COVID-19 vaccination recommendations: before, during and after pregnancy
In Australia, COVID-19 vaccination is safe and recommended if you’re pregnant, planning a pregnancy or breastfeeding. It’s also recommended for your partner, if you have one.
Of the vaccines approved for use in Australia, Pfizer and Moderna are preferred for pregnant women. Pregnant women can have these vaccines at any stage of pregnancy.
Women with healthy immune systems
If you have a healthy immune system and are pregnant, planning a pregnancy or breastfeeding, you can have one of the following:
- Pfizer – a primary course of 2 doses, 3-8 weeks apart
- Moderna – a primary course of 2 doses, 4-8 weeks apart.
An initial booster dose of Pfizer or Moderna is recommended at least 3 months after the primary course of either of the vaccines above.
Some pregnant women with certain medical or other conditions might also be eligible for an additional booster dose.
Women with weak immune systems
If you have a weak immune system and are pregnant, planning a pregnancy or breastfeeding, doctors might recommend:
- a primary course of 3 doses of Pfizer or Moderna, with the third dose 2-6 months after the first 2 doses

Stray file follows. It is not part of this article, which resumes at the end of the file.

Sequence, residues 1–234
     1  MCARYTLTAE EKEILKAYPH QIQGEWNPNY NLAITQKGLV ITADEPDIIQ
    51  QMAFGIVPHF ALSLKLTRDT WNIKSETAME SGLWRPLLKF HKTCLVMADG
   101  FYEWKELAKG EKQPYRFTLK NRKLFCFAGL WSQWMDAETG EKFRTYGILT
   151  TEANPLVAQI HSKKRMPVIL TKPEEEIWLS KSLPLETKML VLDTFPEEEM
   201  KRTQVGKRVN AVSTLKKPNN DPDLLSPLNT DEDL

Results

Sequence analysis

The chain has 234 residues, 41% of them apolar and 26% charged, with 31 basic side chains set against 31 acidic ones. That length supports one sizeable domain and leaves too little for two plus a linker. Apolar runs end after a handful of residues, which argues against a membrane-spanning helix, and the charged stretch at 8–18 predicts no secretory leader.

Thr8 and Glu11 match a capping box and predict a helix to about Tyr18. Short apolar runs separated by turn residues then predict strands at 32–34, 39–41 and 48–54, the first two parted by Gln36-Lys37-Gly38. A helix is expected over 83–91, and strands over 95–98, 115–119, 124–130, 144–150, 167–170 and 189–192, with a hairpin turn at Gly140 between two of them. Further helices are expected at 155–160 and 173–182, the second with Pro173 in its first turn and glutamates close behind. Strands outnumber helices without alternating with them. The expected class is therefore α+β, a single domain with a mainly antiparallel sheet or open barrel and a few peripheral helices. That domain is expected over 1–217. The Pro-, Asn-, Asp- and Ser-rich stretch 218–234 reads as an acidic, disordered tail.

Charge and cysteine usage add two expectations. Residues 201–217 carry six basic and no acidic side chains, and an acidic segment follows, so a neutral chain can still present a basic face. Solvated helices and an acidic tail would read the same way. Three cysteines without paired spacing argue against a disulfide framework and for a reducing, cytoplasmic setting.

- an initial booster dose of Pfizer or Moderna at least 3 months after the first 3 doses
- an additional booster dose of Pfizer or Moderna 4 months after the first booster dose.
What if you get pregnant during or after your primary course?
If you get pregnant during your primary course, you should complete the course and get your booster at the recommended times.
If you get pregnant after your primary course, you should have your booster at the recommended time.
Should you get vaccinated if you’ve had COVID-19?
COVID-19 vaccination is recommended even if you’ve had COVID-19. Vaccination gives you better, longer-lasting protection than infection.
If you get COVID-19, you should wait 3 months before having your next recommended dose.
If you have a medical or other condition or a weak immune system because of a medical condition or medicine, it’s best to speak with your GP or immunisation provider. They can talk with you about your vaccination needs.
Why COVID-19 vaccination is important before, during and after pregnancy
COVID-19 vaccination is the best way to reduce the risks of COVID-19 if you’re pregnant.
If you get COVID-19 while pregnant, you’re at a higher risk of:
- having severe complications than someone who’s not pregnant, which means you’re more likely to need to go to hospital and have intensive care
- giving birth prematurely than a pregnant woman who doesn’t have COVID-19, which means your baby is more likely to need time in a neonatal intensive care unit (NICU).
Also, COVID-19 vaccination helps to keep your baby safe. If you’re vaccinated and either pregnant or breastfeeding, you might pass on antibodies to your baby. This means that your vaccination can give your baby indirect protection from COVID-19.
For more information on when, where and how to get vaccinated, go to Australian Government Department of Health – Getting your COVID-19 vaccination. You can also check your state or territory government or health website.
Why COVID-19 vaccination is important for everyone